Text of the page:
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What will the Nationals do now?

The Nationals’ Plan A didn’t happen. Then Plan B fell apart. Which moves can (and should) the Nats make to contend again in 2017?

Houston Astros v Pittsburgh Pirates Photo by Justin Berl/Getty Images

Update: To see what the Nationals actually did now — like, less than an hour after we published this — click here.

The Nationals took a gamble in 2016 by dealing away years of control of Felipe Rivero for, essentially, three months of Mark Melancon. Washington hoped to give him a favorable enough impression that he’d want to stick around awhile and be the closer for a few years on a contending team. Then Melancon signed with the Giants.

Washington’s “Plan A” was no more. Plan B?

The Nationals made a push for Chris Sale. Any team would happily feature an All-Star who finished fifth in Cy Young voting and won 17 games. A rotation with Sale, Max Scherzer, and Stephen Strasburg as the one-two-three punch would be a showstopper. Things looked good!

But then ...

The Nationals lost out to Boston. The prevailing rumor is that the White Sox wanted future superstar Trea Turner, along with top prospects Lucas Giolito (RHP, #4 on Baseball America’s top 100 prospects list) and Victor Robles (CF, #13 on BA’s list). The Nationals were reportedly offering Giolito, Robles, and Reynaldo Lopez, as Turner is the only true untouchable of the organization’s young talent, although the Washington Post indicated the Nats would prefer not to surrender Robles either. The two sides couldn’t bridge the gap, and that was that.

Losing out on Chris Sale may be the optimal scenario for the Nats because their starting rotation was already a strength. In fact, that’s the mindset that was supposed to bring them the World Series in 2015. Get enough starters together with the likes of Scherzer, Strasburg, Doug Fister, Gio Gonzalez, and Jordan Zimmerman, then expect to win. Except baseball’s “best rotation” didn’t even make it to the playoffs because they had other glaring weaknesses.

The Nats have finite resources to cultivate a deal, and Sale would have required all their movable players for whom they can get an elite return. He would have taken away innings from Joe Ross, a very competent pitcher, making him less of an upgrade than it might seem at first glance. It's putting all their best eggs in the same basket without addressing their major problems.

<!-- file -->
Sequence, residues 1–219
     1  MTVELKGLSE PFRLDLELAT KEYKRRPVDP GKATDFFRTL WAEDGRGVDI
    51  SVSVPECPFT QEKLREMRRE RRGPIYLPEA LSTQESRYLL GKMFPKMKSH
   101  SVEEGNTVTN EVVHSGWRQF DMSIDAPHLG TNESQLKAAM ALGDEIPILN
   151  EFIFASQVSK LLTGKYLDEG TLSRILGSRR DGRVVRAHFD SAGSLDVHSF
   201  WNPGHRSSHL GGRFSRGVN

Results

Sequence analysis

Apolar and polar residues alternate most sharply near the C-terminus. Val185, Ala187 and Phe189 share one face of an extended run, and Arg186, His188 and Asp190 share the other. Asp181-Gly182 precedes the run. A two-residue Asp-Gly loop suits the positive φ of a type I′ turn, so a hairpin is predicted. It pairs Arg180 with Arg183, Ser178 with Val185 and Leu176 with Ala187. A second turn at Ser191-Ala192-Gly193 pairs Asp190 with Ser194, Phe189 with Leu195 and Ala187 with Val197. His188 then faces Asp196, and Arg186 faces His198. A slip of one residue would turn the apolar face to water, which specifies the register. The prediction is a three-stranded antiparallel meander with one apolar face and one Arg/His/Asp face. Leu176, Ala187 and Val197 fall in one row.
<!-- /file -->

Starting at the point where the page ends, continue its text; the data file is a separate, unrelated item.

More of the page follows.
“Plan B” is gone, so they need to focus on their current weaknesses: the bullpen and the outfield. The Nationals non-tendered Ben Revere, who was their 2016 stop-gap solution in center. Dealing Robles and Giolito, their two premiere pieces, would have left the Nats without a full-time center fielder and without a closer. Center field is where we find “Plan C”:

The Nationals are top contenders for Andrew McCutchen. The five-time All-Star and former MVP is being shopped around at a bargain price after declining significantly in 2016. Nationals GM Mike Rizzo appears confident that McCutchen would be a good fit despite the downward trend in his 2016 stats. On Tuesday Rizzo said, “Good player. Good defender. I like the whole package.”

Washington has what Pittsburgh wants in Giolito and Robles. McCutchen is not a free agent until after the 2018 season, so his acquisition would steady 23 of the Nats’ outfield for the next two years. If the Nationals receive McCutchen from the Pirates, their outfield next season will include the 2013 MVP (McCutchen), the 2015 MVP (Harper), and the only man on the roster with a World Series ring (Werth).

But as the Melancon and Sale rumors show, not every plan comes to fruition, so I’m going to suggest the Nationals’ “Plan D” is Adam Eaton, whom they might be considering as well. The White Sox had major interest in Giolito and Robles, as evidenced by how close the Nats got to Chris Sale. Eaton fits the need for a center fielder. In 2016, he hit .284 (primarily at leadoff) with a .428 SLG and nine triples. A bat with some power and some speed would be a great addition to the lineup, especially since the White Sox are already interested in the pieces Washington wants to move.

As for the bullpen? The Nationals are in the hunt for a closer to replace Melancon:

As is becoming the norm for the Nats, they lost out on Wade Davis. He went to the Cubs, so the remaining elite closers are Jansen and Chapman. Will the Nationals sign either? It may be a good bet to spend big and steady the 9th inning because their starting rotation is so solid.

The Nationals have several different paths forward after losing out on Chris Sale. They have valuable prospects and want to make a significant push before Bryce Harper hits free agency in 2018. It looks like McCutchen is the best fit for what the Nationals need now.